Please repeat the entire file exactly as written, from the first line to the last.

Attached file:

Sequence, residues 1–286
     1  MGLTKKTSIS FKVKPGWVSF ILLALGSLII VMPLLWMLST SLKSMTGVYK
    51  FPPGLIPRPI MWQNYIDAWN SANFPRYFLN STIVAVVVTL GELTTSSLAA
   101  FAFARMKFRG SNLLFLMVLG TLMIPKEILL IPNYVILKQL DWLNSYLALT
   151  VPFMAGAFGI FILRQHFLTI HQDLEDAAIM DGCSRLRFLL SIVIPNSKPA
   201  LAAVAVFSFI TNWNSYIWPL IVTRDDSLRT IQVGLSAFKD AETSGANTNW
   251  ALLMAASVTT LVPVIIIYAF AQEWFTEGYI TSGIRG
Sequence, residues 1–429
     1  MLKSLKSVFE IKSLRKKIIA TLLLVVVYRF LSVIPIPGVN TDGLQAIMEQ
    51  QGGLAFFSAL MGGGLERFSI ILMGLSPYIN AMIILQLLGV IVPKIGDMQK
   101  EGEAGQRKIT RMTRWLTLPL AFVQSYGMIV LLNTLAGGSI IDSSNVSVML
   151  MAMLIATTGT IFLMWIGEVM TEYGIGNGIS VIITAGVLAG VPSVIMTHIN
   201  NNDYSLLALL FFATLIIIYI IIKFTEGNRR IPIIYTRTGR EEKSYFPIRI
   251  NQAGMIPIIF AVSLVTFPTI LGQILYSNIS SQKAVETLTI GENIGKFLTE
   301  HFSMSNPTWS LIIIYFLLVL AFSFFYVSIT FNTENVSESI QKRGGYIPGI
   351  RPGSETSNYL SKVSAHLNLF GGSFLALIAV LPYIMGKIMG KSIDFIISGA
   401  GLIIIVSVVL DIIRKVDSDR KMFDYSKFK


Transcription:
Sequence, residues 1–286
     1  MGLTKKTSIS FKVKPGWVSF ILLALGSLII VMPLLWMLST SLKSMTGVYK
    51  FPPGLIPRPI MWQNYIDAWN SANFPRYFLN STIVAVVVTL GELTTSSLAA
   101  FAFARMKFRG SNLLFLMVLG TLMIPKEILL IPNYVILKQL DWLNSYLALT
   151  VPFMAGAFGI FILRQHFLTI HQDLEDAAIM DGCSRLRFLL SIVIPNSKPA
   201  LAAVAVFSFI TNWNSYIWPL IVTRDDSLRT IQVGLSAFKD AETSGANTNW
   251  ALLMAASVTT LVPVIIIYAF AQEWFTEGYI TSGIRG
Sequence, residues 1–429
     1  MLKSLKSVFE IKSLRKKIIA TLLLVVVYRF LSVIPIPGVN TDGLQAIMEQ
    51  QGGLAFFSAL MGGGLERFSI ILMGLSPYIN AMIILQLLGV IVPKIGDMQK
   101  EGEAGQRKIT RMTRWLTLPL AFVQSYGMIV LLNTLAGGSI IDSSNVSVML
   151  MAMLIATTGT IFLMWIGEVM TEYGIGNGIS VIITAGVLAG VPSVIMTHIN
   201  NNDYSLLALL FFATLIIIYI IIKFTEGNRR IPIIYTRTGR EEKSYFPIRI
   251  NQAGMIPIIF AVSLVTFPTI LGQILYSNIS SQKAVETLTI GENIGKFLTE
   301  HFSMSNPTWS LIIIYFLLVL AFSFFYVSIT FNTENVSESI QKRGGYIPGI
   351  RPGSETSNYL SKVSAHLNLF GGSFLALIAV LPYIMGKIMG KSIDFIISGA
   401  GLIIIVSVVL DIIRKVDSDR KMFDYSKFK